Archive for Thursday, September 23, 1999


September 23, 1999


Amy Ray and Emily Saliers met in high school and still gain musical inspiration from each other.

The Indigo Girls -- Amy Ray and Emily Saliers -- are happy they signed up for the farewell tour of the Lilith Fair, which wrapped up Aug. 31 in Edmonton, Alberta, Canada.

The duo, augmented by a four-piece band, joined a range of female artists, including Sheryl Crow, The Dixie Chicks and founder Sara McLachlan, for the summer gig that brought them in late August to Sandstone Amphitheatre near Bonner Springs.

"It's a great tour -- really well run," Saliers said during an interview at that time. "It's benefited women's groups and shelters and done so much for local communities.

"For us it's fun. It's like summer camp. Everyone gets along really well -- there's no problems. We love doing it. We get to meet and play with all these wonderful people. Lilith's definitely been a major highlight in our career. Still, it's kind of melancholy. It's sad to see it end."

The Georgia natives formed their band at Emory University in the early '80s. Their sound, a swirling hybrid of harmonies, confessional hymns and socially conscious lyrics, cemented them as one of the premier contemporary folk acts.

An early single, "Crazy Game," was released in 1986 followed by a full-length LP "Strange Fire" in 1987. The duo hit it big with its first major label release, "Indigo Girls," in 1989. The album, containing their signature song, "Closer to Fine," was produced by Scott Litt (R.E.M., Stone Temple Pilots) and featured guest appearances from Michael Stipe and his R.E.M. bandmates.

"When we were first starting out," Saliers said, "R.E.M. kind of took us under their wing. We were just in awe."

Ray and Saliers have distinct yin-and-yang personalities that inform their music and sound. Ray's influences lean toward punk rock and the Pretenders, while Saliers comes from the Joni Mitchell/spiritual school.

Saliers spoke of the differences in their approach to songwriting:

"When I sit down to write a song I like to have space and quiet. Then I can really think about my experiences, my personal relationships and my reflections of life in a particular space and time. Amy is the opposite. She writes on the road, in hotel rooms or little snippets at soundchecks. That works for her."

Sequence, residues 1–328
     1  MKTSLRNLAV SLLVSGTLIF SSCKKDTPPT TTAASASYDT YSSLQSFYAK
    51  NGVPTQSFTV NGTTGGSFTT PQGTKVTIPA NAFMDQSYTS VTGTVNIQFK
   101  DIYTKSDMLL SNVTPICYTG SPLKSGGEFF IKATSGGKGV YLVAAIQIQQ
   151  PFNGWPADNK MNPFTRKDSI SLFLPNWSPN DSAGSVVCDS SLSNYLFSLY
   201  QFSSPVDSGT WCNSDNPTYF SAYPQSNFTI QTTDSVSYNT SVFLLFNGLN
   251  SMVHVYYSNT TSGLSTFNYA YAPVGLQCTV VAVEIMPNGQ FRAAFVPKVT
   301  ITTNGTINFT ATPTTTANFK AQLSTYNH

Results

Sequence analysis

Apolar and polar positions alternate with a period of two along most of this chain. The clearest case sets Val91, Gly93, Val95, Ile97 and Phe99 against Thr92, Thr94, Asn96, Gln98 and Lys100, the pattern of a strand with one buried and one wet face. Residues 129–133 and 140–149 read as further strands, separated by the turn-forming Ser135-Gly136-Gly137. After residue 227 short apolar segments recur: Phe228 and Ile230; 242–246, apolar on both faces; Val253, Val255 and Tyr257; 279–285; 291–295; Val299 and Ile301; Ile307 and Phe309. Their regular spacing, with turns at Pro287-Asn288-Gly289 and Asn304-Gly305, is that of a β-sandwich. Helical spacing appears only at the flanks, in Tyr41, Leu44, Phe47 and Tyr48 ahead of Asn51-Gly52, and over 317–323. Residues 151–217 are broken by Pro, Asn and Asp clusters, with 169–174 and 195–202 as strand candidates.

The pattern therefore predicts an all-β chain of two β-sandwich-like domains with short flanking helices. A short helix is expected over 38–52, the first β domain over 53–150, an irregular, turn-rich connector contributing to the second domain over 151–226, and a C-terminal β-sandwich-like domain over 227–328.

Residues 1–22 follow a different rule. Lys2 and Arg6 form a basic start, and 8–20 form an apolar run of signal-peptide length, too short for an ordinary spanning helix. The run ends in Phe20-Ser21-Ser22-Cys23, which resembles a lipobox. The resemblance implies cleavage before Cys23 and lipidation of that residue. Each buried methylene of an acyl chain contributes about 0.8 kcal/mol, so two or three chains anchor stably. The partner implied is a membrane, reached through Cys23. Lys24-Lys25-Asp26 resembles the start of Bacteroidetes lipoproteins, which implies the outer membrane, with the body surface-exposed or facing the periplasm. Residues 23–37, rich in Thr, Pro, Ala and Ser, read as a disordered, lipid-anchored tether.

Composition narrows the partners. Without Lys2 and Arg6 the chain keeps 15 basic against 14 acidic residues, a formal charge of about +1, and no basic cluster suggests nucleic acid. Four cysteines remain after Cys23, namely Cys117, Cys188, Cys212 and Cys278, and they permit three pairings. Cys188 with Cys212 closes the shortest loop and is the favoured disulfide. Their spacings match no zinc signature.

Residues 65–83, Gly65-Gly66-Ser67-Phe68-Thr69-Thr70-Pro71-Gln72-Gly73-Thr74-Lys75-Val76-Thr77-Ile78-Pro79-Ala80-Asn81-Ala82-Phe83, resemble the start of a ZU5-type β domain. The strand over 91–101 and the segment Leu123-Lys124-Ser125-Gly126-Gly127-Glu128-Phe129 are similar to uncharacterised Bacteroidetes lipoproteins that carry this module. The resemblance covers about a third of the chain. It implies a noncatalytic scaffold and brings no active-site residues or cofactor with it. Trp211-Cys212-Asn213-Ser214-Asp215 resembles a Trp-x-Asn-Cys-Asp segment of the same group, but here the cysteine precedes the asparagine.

The duo have been longtime activists and outspoken advocates for a variety of causes. They also are openly gay, which has labeled them in the eyes of the public, according to Saliers.

"We get identified as a gay first, then women second, then musicians," she said. "It does get tiring. We've come a long way, but we still have a long way to go."

On Tuesday, the duo is scheduled to release its seventh studio album, "Come On Now Social." The collection features a wide variety of Lilith artists, including Crow, Meshell Ndegeocello and Joan Osborne.

"This album is a little harder, a little more groove-oriented," Saliers said. "Our sound has become more expansive, with lots of different influences. There's a lot of world beat on this record, which you hear on songs like 'Faye Tucker.' On our next one we may do something more stripped down, a return to that earlier style."

Saliers readily acknowledged that the group's sound has changed over time.

"The songwriting has evolved," she said. "When we started out our music was more simple and really focused on that dichotomy between Amy and myself, with the emphasis on harmonies. Now I think our music is more complex. When you listen to our recent music you can really tell whether it's Amy's song or my song."

The band plans to tour the United States this fall, with an international tour to follow. They have also re-committed to the "Honor the Earth" tour, which raises money for American Indian environmental groups.

Saliers reflected on the changes in the Indigo audience over the years:

"Our audience has gotten a lot younger. I've noticed that in the last few years more and more younger women our coming to our shows and I think that's great. Our fans are very loyal, and they really connect with the emotional aspect of our music."

For now, the duo has no plans to separate.

"Amy inspires me," Saliers said. "We met in high school and we've been playing for 19 years now. We have a great time making music together."

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Duo stacking up the records

By Journal-World staff

Here's a partial listing of the singles and CDs released by the Indigo Girls:

  • "Shaming of the Sun" (1997)
  • "1200 Curfews" (1995)
  • "Power of Two," single (1995)
  • "I Don't Wanna Talk About It," single (1994)
  • "Least Complicated," single (1994)
  • "Swamp Ophelia" (1994)
  • "Galileo," single (1992)
  • "Joking," single (1992)
  • "Rites of Passage" (1992)
  • "Back on the Bus, Y'all" (1991)
  • "Nomads, Indians, Saints" (1990)
  • "Indigo Girls' (1989)
  • "Strange Fire" (1986)

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